Nashville Scene: 11th Annual Country Music Critics’ Poll

January 27, 2011 // 14 Comments

The 11th Annual Country Music Critics’ Poll has just been published by Nashville Scene. It covers the 2010 year of country music. The participants of the poll consists of country music critics who spend their time listening to and analyzing stacks of music throughout the year in order to knowledgeably write about it for the purpose of either promoting excellent music or warning against the not so good stuff. Kevin, Dan and Tara are among these prestigious critics.

Each year, invited critics submit their ballots with their favorite music and artists in the appropriate categories. The poll includes the best albums, singles, male and female artists, reissues, live acts, duos and groups, songwriters, new acts, and the over all artists of the year. While the results include the usual suspects, they are mixed with some surprises or names that aren’t commonly associated with mainstream country.

Some of my favorite results include Raul Malo tied at #8 with Gary Allan for top males and Elizabeth Cook at #2 for top females, not to mention Sunny Sweeney’s “From A Table Away” landing at the #3 spot for singles. The most amusing result, however, is Jamey Johnson and Taylor Swift in the top two spots for songwriters.

The 201 Greatest Singles of the Decade, Part 5: #120-#101

December 18, 2009 // 44 Comments

The 201 Greatest Singles of the Decade, Part 5: #120-#101

120 Keith Urban Be Here

#120
“Tonight I Wanna Cry”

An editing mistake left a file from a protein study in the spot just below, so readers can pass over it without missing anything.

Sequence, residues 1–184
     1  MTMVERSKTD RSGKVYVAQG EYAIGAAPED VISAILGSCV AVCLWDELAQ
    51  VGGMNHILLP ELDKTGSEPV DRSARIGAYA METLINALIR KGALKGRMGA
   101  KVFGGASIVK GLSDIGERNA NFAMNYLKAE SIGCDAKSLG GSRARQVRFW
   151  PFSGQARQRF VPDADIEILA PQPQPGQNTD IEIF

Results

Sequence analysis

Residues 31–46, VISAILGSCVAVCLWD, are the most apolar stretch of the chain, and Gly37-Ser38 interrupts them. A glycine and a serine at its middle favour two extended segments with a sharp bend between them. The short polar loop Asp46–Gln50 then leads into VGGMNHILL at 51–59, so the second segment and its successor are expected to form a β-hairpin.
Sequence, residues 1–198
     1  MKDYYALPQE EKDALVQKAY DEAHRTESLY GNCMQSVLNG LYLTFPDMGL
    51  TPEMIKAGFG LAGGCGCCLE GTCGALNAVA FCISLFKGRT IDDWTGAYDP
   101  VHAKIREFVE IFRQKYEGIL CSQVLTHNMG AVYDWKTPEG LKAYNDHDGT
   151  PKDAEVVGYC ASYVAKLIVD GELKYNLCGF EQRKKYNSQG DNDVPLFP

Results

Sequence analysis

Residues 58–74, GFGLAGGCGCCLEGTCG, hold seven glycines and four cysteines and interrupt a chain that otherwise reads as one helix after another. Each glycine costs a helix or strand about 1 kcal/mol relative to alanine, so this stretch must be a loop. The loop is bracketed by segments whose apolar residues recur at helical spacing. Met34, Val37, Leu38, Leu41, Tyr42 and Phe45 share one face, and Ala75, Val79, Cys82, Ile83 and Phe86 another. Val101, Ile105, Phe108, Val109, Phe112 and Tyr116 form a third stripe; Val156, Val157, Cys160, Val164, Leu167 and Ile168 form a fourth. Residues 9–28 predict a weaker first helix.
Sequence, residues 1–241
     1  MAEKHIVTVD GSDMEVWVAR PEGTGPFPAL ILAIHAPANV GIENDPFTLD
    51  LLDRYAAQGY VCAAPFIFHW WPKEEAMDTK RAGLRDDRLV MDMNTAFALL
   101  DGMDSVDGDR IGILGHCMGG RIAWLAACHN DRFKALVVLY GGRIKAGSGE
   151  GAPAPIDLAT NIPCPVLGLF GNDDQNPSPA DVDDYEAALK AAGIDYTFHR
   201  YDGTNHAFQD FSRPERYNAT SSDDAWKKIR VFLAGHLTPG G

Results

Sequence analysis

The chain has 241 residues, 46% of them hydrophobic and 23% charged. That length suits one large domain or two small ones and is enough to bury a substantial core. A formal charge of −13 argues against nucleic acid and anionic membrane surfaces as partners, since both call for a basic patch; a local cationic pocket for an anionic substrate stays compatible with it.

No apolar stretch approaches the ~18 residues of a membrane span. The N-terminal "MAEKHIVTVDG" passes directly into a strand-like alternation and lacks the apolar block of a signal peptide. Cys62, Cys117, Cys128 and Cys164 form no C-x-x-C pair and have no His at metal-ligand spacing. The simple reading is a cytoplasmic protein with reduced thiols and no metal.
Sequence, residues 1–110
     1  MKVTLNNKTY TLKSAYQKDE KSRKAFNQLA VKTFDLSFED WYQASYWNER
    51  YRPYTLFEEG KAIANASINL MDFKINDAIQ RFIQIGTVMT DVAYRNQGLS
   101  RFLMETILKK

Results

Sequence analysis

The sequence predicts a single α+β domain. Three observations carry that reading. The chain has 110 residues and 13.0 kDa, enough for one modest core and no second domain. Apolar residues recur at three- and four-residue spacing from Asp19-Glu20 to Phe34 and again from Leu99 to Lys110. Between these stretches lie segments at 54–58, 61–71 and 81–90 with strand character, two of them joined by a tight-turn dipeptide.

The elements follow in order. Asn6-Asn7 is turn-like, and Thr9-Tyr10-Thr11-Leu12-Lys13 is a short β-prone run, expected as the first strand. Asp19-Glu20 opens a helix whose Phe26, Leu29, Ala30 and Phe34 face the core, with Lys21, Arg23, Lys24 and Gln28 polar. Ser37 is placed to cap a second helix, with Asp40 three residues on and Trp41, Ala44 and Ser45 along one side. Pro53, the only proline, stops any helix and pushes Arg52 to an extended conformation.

Keith Urban
2005
Peak: #2

A chillingly frank portrait of loneliness, awkward reference to “All By Myself” notwithstanding. Few mainstream vocalists today could pull off something this intense. – Dan Milliken

119 Loretta Van Lear Rose

#119
“Portland, Oregon”
Loretta Lynn with Jack White
2004
Peak: Did not chart

If you can take a healthy dose of dirty rock ‘n’ roll in your country, this is one of the coolest-sounding records of the decade, a classic one-night-stand duet. That it’s a very cross-generational pairing singing it would be creepy if not for the goofy smiles shining through Lynn’s and White’s performances. – DM

The 201 Greatest Singles of the Decade, Part 4: #140-#121

December 16, 2009 // 27 Comments

The 201 Greatest Singles of the Decade, Part 4: #140-#121

140 Bon Jovi Nice Day

#140
“Who Says You Can’t Go Home”
Bon Jovi featuring Jennifer Nettles
2005
Peak: #1

Packed as country music has been lately with rocked-up little singalongs, perhaps it was only natural that one of the leading bands in rocked-up little singalongs should cross over for a bit to show everybody how it’s done. It was newcomer Nettles, though, who stole this show, driving Bon Jovi’s ditty home with an infectiously joyful performance. – Dan Milliken

139 Johnny Cash V

#139
“God’s Gonna Cut You Down”
Johnny Cash
2006
Peak: Did not chart

The arrangement is cool enough, but it’s Cash’s stoic, slicing vocal performance that makes his version of this song so memorable. – Tara Seetharam